Jesus’ great Sermon on the Mount covers a variety of topics. From anger to lust, divorce to retaliation, just to name a few, Jesus sets forth the standard of behavior he that He expects from His people. One of the topics which Christ addresses more than once is prayer. This should alert us as to the value and importance the Lord places upon this particular discipline. He first speaks about prayer when referring to the hypocritical Pharisees when He said:

“And when you pray, you shall not be like the hypocrites. For they love to pray standing in the synagogues and on the corners of the streets, that they may be seen by men. Assuredly, I say to you, they have their reward.  But you, when you pray, go into your room, and when you have shut your door, pray to your Father who is in the secret place; and your Father who sees in secret will reward you openly.  And when you pray, do not use vain repetitions as the heathen do. For they think that they will be heard for their many words. Therefore do not be like them. For your Father knows the things you have need of before you ask Him” (Matthew 6:5-8).

Immediately following these words, Christ instructs us concerning the manner of our prayers. This prayer, traditionally known as The Lord’s Prayer, was a model; it was not meant to be simply memorized and recited in liturgical or “religious” occasions. 

3 Ways to Approach Prayer

In Christ’s next reference to prayer, He begins a brand new discussion on the power and practicality of prayer. He states:

“Ask, and it will be given to you; seek, and you will find; knock, and it will be opened to you” (Matthew 7:7).

Just what do these specific words mean? In their immediate context, I believe first of all that these words are a call to boldness. We should not be shy, lax or apprehensive concerning the bringing of our needs to the Lord. The Lord desires us to enter into His presence, bringing with us any weight or burden that we may be carrying. We are to cast all our burdens upon Him:

“Let us therefore come boldly to the throne of grace, that we may obtain mercy and find grace to help in time of need” (Hebrews 4:16).

Next, I believe these words are a call to perseverance. As we engage in prayer, concerning any matter, we are not to give up. Christ even related a parable with this very same truth in mind. We read:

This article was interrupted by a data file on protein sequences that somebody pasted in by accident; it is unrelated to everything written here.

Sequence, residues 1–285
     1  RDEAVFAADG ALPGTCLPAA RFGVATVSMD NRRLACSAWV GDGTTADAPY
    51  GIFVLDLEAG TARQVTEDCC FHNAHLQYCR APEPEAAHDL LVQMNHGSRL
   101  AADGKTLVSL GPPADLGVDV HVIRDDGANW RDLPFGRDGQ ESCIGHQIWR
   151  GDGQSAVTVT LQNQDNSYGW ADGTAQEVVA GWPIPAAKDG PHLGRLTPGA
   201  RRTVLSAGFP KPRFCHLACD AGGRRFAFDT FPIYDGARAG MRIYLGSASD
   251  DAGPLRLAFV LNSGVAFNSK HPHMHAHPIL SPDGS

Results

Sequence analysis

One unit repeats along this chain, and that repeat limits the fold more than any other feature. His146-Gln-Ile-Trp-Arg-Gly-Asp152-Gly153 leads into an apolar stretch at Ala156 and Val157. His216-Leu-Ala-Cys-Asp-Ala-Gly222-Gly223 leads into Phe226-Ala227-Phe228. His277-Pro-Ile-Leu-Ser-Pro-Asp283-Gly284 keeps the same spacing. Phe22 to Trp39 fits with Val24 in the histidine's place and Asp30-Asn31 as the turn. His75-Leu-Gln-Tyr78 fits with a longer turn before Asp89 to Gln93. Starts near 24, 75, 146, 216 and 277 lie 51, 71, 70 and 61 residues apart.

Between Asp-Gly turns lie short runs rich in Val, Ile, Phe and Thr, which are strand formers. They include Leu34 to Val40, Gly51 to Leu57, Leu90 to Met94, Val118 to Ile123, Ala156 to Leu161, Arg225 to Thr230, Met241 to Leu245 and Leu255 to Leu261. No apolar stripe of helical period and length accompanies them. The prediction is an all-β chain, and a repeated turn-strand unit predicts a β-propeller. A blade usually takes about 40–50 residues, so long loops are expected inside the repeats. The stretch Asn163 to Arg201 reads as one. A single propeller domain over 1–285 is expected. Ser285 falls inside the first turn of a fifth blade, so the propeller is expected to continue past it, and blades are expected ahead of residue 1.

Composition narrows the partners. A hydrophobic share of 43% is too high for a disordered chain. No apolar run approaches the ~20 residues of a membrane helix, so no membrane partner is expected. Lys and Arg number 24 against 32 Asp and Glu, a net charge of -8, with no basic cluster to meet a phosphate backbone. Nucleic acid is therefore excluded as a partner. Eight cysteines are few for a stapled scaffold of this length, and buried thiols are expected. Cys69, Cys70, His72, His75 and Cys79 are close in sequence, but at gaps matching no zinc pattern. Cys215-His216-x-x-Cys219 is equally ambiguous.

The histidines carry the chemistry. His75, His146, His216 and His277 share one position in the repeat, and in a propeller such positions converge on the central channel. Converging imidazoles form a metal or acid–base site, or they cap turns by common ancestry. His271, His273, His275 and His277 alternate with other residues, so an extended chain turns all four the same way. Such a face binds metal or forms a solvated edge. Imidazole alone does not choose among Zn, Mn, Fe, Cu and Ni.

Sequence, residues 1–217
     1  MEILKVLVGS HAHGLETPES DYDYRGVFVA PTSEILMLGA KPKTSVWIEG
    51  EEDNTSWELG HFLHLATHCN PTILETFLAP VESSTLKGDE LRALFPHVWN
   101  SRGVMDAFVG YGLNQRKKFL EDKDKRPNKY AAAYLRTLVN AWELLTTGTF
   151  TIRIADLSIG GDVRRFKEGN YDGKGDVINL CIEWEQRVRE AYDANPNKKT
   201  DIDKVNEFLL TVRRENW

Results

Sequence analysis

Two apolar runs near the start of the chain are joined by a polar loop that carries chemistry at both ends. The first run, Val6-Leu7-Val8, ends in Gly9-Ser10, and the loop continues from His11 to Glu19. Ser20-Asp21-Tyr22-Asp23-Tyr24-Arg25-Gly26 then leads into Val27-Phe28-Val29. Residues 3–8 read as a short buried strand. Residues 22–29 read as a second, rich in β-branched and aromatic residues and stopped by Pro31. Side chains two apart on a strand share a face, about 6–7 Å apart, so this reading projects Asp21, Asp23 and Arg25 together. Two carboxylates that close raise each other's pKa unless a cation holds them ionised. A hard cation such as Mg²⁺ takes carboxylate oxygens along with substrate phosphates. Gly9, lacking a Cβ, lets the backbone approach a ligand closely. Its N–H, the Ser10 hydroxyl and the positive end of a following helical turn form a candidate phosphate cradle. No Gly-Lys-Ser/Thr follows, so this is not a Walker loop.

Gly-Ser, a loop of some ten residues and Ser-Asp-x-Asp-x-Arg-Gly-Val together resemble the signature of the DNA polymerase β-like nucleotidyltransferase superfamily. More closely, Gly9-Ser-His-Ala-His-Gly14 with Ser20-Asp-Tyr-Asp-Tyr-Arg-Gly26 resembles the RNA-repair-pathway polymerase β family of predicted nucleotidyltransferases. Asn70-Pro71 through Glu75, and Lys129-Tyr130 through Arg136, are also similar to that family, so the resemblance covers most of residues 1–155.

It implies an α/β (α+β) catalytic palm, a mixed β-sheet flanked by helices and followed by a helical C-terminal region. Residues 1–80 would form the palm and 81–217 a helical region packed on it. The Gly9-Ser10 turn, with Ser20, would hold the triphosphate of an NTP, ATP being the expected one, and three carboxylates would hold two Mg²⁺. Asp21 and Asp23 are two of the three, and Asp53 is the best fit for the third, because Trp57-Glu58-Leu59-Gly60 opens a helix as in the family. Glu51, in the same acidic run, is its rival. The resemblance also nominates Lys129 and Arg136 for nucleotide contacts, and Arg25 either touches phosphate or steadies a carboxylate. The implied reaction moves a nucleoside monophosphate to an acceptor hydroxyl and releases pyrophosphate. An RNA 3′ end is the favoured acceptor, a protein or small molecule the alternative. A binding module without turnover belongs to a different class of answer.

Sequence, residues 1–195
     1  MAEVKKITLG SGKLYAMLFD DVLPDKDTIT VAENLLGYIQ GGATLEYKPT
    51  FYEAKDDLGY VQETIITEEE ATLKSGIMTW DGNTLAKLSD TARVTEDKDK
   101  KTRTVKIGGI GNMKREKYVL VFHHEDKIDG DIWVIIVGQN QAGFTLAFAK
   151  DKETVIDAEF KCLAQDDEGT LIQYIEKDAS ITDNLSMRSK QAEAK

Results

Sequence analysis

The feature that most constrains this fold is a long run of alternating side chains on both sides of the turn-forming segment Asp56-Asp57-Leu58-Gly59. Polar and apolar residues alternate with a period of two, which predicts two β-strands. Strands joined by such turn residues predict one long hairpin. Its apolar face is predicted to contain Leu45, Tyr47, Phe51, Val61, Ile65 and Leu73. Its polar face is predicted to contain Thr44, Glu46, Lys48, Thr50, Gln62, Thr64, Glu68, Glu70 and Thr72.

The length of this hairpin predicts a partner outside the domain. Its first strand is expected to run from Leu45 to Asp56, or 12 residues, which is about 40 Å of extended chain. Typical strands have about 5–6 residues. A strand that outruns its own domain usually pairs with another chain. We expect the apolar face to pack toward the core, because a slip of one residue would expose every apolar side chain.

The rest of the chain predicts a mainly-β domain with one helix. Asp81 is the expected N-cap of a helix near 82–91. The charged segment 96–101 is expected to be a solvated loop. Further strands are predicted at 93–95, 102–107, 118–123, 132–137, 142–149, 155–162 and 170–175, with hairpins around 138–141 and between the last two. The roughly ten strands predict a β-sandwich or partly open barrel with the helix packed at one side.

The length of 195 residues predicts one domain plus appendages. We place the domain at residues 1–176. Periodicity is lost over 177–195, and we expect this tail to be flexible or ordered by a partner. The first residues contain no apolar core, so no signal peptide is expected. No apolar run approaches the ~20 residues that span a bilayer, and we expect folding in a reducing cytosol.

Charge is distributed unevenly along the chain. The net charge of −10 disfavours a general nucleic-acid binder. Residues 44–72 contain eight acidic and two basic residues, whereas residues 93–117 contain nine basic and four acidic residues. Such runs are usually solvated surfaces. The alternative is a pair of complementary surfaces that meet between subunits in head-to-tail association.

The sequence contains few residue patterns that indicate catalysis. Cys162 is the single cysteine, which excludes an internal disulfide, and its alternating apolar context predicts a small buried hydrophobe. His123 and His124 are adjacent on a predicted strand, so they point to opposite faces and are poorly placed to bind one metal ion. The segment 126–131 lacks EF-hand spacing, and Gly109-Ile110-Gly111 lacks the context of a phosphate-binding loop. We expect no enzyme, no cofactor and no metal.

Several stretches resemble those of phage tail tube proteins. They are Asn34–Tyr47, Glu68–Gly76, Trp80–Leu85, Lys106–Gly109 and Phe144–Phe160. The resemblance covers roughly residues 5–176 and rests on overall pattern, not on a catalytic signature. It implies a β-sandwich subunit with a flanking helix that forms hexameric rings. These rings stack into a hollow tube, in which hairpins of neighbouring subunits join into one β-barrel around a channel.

“Then He spoke a parable to them, that men always ought to pray and not lose heart, saying: ‘There was in a certain city a judge who did not fear God nor regard man.  Now there was a widow in that city; and she came to him, saying, ‘Get justice for me from my adversary.’  And he would not for a while; but afterward he said within himself, ‘Though I do not fear God nor regard man, yet because this widow troubles me I will avenge her, lest by her continual coming she weary me’” (Luke 18:1-5).

Because prayer brings us into the supernatural, we are to expect that Satan and his forces will do all they can within their limited sphere of power to force doubt, deception and discouragement into our lives as we pray. But no matter what it looks like, in prayer, we are to stay the course.

Can We Pray for Anything?

As Christ continues speaking about prayer, we can see God’s desire to give us those things that we need. We read:

“Or what man is there among you who, if his son asks for bread, will give him a stone?  Or if he asks for a fish, will he give him a serpent?  If you then, being evil, know how to give good gifts to your children, how much more will your Father who is in heaven give good things to those who ask Him!” (Matthew 7:9-11).

Should we expect the Lord to give us something other than what we have asked for? And while each case varies, the answer is no. Also, in Christ’s entire discourse on prayer here, there is another question that inevitably arises. Are Christ’s words found in Matthew 7:7 an open-ended invitation to pray for whatever it is that we need?